Transfer pricing is a topic discussed with increasing frequency not only in the world, but also in Slovakia, where the amount of tax inspections mainly in the given field rises on a yearly basis. The importance of preparing the transfer pricing documentation in Slovakia has increased also in regards to the Slovak legislation, which applies the obligation to prepare the documentation not only to foreign related parties but to domestic related parties as well. In practice, it means that if you are a statutory representative of two different Slovak companies, you can not perform transactions between the related companies for tax purposes in arbitrary prices, but only in amounts that would be agreed on between two independent parties under comparable conditions. Otherwise you may be penalized by sanctions. The method applied for setting the prices has to be in accordance to the Slovak tax legislation.
Considering the increasing importance of this field, we prepared a comprehensive eBook “2020 Transfer Pricing Overview in Slovakia“(PDF), where you can read not only about all the important information regarding transfer pricing, but also about the content of necessary transfer pricing documentations justifying methods used to evaluate transactions between related parties.
- Income Tax Act No. 595/2003 Coll. (Sections 2/n-r, 17/5, 17/6, 17/7, 18, 18a)
- Double Tax Treaties
- Financial Reporters No. 14/1997, 20/1999, 3/2002 where OECD Transfer Pricing Guidelines from 1995 and 1997 were published in Slovak language
- Financial Reporters No. 1/2009, 8/2014, 5/2015, 7/2016, 12/2018 where administrative guidance of the Slovak Ministry of Finance on content of the Transfer Pricing documentation were published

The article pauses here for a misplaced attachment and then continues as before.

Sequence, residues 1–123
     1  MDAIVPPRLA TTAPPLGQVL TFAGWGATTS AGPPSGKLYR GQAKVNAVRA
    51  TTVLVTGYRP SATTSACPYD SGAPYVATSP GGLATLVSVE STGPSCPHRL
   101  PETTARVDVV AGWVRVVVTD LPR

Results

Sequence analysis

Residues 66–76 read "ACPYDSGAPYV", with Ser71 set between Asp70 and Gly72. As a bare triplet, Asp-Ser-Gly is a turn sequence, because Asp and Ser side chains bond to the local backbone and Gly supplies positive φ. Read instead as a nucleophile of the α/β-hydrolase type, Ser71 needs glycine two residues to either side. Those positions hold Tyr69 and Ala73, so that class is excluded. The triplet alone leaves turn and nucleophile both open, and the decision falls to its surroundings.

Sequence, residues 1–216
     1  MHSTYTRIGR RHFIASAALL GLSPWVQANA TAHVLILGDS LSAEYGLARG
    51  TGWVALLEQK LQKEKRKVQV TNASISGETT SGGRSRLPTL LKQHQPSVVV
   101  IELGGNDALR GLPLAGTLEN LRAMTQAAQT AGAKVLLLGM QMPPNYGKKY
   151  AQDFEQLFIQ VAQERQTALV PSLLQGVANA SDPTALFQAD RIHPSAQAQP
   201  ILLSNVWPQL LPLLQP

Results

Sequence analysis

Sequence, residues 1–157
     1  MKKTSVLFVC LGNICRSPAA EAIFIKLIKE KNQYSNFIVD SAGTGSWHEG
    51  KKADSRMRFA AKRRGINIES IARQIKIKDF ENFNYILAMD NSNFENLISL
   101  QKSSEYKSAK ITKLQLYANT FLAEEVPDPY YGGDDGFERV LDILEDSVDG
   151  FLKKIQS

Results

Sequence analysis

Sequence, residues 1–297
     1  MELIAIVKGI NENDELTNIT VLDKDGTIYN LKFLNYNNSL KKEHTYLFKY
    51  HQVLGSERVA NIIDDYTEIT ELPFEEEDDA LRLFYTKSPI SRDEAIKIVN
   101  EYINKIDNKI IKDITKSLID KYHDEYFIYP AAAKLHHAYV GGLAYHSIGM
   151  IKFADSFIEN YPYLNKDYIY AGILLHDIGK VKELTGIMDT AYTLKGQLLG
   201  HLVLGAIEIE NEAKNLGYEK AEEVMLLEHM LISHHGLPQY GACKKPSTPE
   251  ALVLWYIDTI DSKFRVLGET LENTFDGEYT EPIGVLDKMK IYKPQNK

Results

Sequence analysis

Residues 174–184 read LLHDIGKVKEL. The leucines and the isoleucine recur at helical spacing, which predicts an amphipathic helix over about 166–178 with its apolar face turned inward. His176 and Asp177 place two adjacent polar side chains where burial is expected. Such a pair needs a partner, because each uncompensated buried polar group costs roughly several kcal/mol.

As an OECD Member State and an EU Member State, Slovakia adheres to the OECD Transfer Pricing Guidelines and to the EU Code of Conduct on Transfer Pricing documentation for associated enterprises.
Arm's length principle
The arm’s length principle is based on a comparison of the terms which were agreed in any business or financial transactions between related parties and the terms which would have been agreed between unrelated parties in similar business or financial transactions, in comparable circumstances.
The review of comparability of the terms is made by confronting in particular the businesses conducted by the parties, including, but not limited to their production, assembly works, research and development, purchase and sale, the scope of their business risks, the characteristics of the compared property or the service, the terms agreed between the parties to the transaction, the economic environment in the marketplace, and the business strategy.
The terms shall be considered comparable if there is no difference at all or if only minor adjustments would compensate such a difference.
If there is a difference between the prices agreed in transactions of related parties, and the prices applied between unrelated parties in comparable business transactions, as long as such difference results in a reduction of the tax base or increase of tax loss, the related party shall increase its income tax base by that difference.
The term “related party” means – (1) close persons, (2) persons or subjects with economic, personal or other ties, (3) persons or subjects that are members of the consolidated group.* By “close persons” should be understood close persons pursuant to Civil Code.
By “economic or personal tie” should be understood:
- the person’s or subject´s interest in the property, control or management of other person or subject, or
- the mutual relation between persons or subjects who are under control or management of the same person, his/her close person or subject, or
- where such person, his/her close person or subject has direct or indirect ownership interest.
Interest in the “property” or “control” means at least a 25% direct or indirect interest or indirect derived interest in the registered capital or in voting rights or at least a 25% share on profit; where the indirect derived interest exceeds 50%, all persons or subjects used in the calculation thereof shall be deemed to have economic ties irrespective of the actual amount of their interest.